Dogs can be more aggressive on hot, sunny, and smoggy days, according to a new study that analyzed almost 70,000 US reports of dogs biting humans.
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A study led by Harvard Medical School researchers found that there was a higher number of reports on dog bites when the temperature and UV levels were higher.
On days with higher UV, dog bites increased by 11%, and higher temperatures caused a 4% increase. Higher ozone, a common pollutant, was responsible for a 3% rise in dog bites.
The researchers drew the conclusion that “the societal burden of extreme heat and air pollution also includes the costs of animal aggression.”
Conversely, the researchers found there was no change when dogs were exposed to increased levels of PM2. 5, another type of polluting particle that was measured.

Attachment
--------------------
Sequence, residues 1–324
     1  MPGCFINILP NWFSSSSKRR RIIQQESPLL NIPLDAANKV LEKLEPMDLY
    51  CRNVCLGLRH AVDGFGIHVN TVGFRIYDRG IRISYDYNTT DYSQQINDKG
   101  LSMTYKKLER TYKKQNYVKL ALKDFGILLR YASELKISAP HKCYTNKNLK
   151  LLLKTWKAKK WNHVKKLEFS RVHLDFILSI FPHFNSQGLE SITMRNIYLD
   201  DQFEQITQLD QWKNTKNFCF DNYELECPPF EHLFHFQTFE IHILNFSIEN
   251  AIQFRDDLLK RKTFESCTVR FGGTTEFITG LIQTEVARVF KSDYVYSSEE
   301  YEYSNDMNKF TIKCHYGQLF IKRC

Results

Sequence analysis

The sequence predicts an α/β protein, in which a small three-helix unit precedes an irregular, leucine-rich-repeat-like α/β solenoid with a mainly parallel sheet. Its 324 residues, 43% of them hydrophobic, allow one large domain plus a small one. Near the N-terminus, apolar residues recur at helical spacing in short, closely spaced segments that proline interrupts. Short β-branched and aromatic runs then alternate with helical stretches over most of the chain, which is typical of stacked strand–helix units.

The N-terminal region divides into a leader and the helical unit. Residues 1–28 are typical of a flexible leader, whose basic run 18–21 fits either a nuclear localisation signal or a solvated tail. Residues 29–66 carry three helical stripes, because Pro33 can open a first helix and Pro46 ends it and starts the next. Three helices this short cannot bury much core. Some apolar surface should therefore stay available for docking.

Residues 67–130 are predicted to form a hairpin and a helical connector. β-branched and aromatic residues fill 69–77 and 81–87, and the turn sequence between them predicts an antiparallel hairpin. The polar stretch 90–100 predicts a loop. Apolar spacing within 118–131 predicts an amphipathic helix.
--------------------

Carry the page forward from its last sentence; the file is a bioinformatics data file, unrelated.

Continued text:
The findings corroborate other research linking aggressive behavior in animals and humans with environmental factors.
A 2019 study on the effect of short-term exposure to air pollution on aggressive behavior in the US suggested that a policy that reduces air pollution across the US by only 10% could result in up to $1 billion of savings in crime costs by reducing assaults.
The research had some limitations and there is no way to know if it also had anything to do with how humans behave around dogs during hot weather.
It only analyzed severe dog bites and excluded all accidents that didn’t required medical treatment or hospitalization.
It didn’t take into account other factors like breed, sex or castration/spaying. It also did not address the “bite severity” and “victim age, gender and familiarity with the dog.” This more detailed information was not included in the public records.
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